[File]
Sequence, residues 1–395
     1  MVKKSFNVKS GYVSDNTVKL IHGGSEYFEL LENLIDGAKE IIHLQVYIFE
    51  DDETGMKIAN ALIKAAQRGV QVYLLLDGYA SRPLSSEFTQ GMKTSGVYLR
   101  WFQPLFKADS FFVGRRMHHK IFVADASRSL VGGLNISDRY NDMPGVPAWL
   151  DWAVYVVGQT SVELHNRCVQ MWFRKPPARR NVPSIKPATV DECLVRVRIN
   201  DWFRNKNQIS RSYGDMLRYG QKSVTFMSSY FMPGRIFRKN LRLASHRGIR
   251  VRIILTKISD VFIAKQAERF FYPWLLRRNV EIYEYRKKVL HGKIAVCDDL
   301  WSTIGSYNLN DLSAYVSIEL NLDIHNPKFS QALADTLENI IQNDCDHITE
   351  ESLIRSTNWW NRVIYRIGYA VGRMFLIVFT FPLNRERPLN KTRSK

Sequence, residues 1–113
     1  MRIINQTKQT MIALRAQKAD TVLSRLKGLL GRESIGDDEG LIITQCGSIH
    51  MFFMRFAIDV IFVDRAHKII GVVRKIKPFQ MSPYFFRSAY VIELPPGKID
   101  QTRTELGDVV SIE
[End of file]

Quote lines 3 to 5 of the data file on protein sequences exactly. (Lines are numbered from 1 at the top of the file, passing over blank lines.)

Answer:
    51  DDETGMKIAN ALIKAAQRGV QVYLLLDGYA SRPLSSEFTQ GMKTSGVYLR
   101  WFQPLFKADS FFVGRRMHHK IFVADASRSL VGGLNISDRY NDMPGVPAWL
   151  DWAVYVVGQT SVELHNRCVQ MWFRKPPARR NVPSIKPATV DECLVRVRIN